All Images Courtesy of Mark Sumner/ Special to the Chronicle
This originally appeared in the SF Chronicle
Esha Chhabra, Special to The Chronicle
Wednesday, October 26, 2011
Brad Butler, co-owner of Bicycle Coffee Co. in San Francisco, paused during a recent interview as a motorcycle went whizzing by.
“See, our bicycles don’t make that noise,” he joked.
The company is among a new crop of businesses that are opting for bicycles over delivery vans. It’s not just an eco-friendly move, he said, but a practical one, given the city’s tight urban center.
“I owned a car about seven years back and in my first month in the city, I got nearly 50 parking tickets,” he said.
Cousin Cameron McKee, one of three other owners, agreed. “Plus, it creates great community,” he said. “I just delivered 100 pounds of coffee this morning, and people love seeing me on the bike, especially other people who bike as well.”
Butler and McKee started the Bicycle Coffee Co. in 2009 with friend Mikael Kirkman, Cameron McKee’s brother, Matthew and the McKees’ late brother, Brandon. The idea was born during a trip to South America, where they were inspired by family farms producing top-quality coffee beans.
They decided to buy gourmet arabica coffee beans from these small, organic farms and sell the freshly roasted coffee in the Bay Area on bike. Starting with just a pot on a stove for roasting that grew into a specially designed roaster made by Kirkman, Bicycle Coffee Co. wanted to stay small, local and artisanal.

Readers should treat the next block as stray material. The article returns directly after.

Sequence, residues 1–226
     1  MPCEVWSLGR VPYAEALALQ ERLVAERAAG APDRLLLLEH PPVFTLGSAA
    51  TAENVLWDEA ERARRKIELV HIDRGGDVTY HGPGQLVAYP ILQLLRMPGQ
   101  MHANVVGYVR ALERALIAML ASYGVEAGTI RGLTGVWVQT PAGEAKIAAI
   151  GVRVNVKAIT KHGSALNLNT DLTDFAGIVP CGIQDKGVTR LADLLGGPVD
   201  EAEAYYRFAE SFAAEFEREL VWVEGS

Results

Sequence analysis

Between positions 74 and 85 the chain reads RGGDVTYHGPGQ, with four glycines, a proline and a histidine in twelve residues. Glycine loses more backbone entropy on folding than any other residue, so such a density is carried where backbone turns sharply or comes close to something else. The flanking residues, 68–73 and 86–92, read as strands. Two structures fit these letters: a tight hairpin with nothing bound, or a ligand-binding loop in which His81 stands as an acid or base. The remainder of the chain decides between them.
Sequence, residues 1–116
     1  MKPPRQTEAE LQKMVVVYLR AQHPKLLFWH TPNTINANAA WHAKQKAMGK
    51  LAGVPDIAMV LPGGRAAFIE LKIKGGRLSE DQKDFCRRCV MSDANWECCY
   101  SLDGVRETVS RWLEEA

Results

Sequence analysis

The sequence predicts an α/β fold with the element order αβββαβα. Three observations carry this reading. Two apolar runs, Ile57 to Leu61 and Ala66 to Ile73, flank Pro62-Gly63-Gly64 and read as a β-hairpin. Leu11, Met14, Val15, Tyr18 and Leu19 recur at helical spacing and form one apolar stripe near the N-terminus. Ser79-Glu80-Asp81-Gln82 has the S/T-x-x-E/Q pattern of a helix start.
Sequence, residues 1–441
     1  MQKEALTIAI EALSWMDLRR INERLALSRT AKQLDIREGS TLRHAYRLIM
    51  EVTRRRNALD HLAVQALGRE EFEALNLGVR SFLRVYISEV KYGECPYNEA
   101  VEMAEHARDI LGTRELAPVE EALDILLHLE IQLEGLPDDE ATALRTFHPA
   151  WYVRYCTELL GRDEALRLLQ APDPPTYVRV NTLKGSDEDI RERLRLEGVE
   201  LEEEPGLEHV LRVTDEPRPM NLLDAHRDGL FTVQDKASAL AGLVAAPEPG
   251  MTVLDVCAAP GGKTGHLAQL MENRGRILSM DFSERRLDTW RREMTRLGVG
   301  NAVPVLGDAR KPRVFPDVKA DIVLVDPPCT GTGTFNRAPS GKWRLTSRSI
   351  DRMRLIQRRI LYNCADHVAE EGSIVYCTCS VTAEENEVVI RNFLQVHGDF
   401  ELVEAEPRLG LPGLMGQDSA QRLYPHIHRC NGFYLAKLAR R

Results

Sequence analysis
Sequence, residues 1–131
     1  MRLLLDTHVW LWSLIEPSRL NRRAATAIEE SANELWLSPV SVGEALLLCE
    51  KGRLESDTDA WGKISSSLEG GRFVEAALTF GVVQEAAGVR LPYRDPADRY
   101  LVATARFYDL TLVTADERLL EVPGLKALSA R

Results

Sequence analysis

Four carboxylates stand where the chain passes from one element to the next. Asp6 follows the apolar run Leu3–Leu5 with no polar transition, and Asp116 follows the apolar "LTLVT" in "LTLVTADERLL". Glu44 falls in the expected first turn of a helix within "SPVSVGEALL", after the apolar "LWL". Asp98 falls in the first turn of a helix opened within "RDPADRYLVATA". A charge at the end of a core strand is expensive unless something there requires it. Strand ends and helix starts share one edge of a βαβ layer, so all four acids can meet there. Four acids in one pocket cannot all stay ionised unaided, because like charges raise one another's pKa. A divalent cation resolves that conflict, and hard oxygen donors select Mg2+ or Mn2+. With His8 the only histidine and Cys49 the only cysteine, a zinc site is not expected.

Now, though, they’ve been invited into shops that are too far to reach by bike, forcing them to make tough business decisions. There’s also the physical challenge of navigating San Francisco’s hills.
“We didn’t get into this to make a lot of money,” Cameron McKee said. “We are doing well. But we got into this to make a living and a lifestyle, not a killing.”
The company is hoping to peddle not only coffee but also a way of living that respects handcrafted products and sustainable living.
Sales have grown
That philosophy seems to be resonating. Sales have grown to 2,000 pounds per week, enabling them to pay themselves a full-time salary and hire three part-timers, which wasn’t possible two years ago. They’ve also received invitations from cities around the world, including London and Tokyo, to bring their “micro-replicable enterprise,” as Butler calls it, to the international scene.